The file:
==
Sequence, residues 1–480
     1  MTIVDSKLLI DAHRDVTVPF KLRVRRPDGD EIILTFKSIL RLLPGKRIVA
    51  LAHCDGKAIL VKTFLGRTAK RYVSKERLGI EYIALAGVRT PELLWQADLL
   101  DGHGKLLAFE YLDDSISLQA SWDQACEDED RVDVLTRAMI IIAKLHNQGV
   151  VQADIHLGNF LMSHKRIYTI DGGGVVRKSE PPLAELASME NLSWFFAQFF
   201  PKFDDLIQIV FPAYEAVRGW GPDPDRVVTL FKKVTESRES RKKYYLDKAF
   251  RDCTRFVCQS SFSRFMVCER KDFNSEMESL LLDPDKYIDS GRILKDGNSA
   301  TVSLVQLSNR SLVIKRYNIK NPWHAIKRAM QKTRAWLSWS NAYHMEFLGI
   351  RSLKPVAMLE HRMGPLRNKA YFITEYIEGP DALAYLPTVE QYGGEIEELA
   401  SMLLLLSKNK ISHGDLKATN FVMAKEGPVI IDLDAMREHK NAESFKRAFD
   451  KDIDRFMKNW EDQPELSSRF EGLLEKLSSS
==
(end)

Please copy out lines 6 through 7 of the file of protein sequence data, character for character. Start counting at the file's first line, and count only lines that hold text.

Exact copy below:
   201  PKFDDLIQIV FPAYEAVRGW GPDPDRVVTL FKKVTESRES RKKYYLDKAF
   251  RDCTRFVCQS SFSRFMVCER KDFNSEMESL LLDPDKYIDS GRILKDGNSA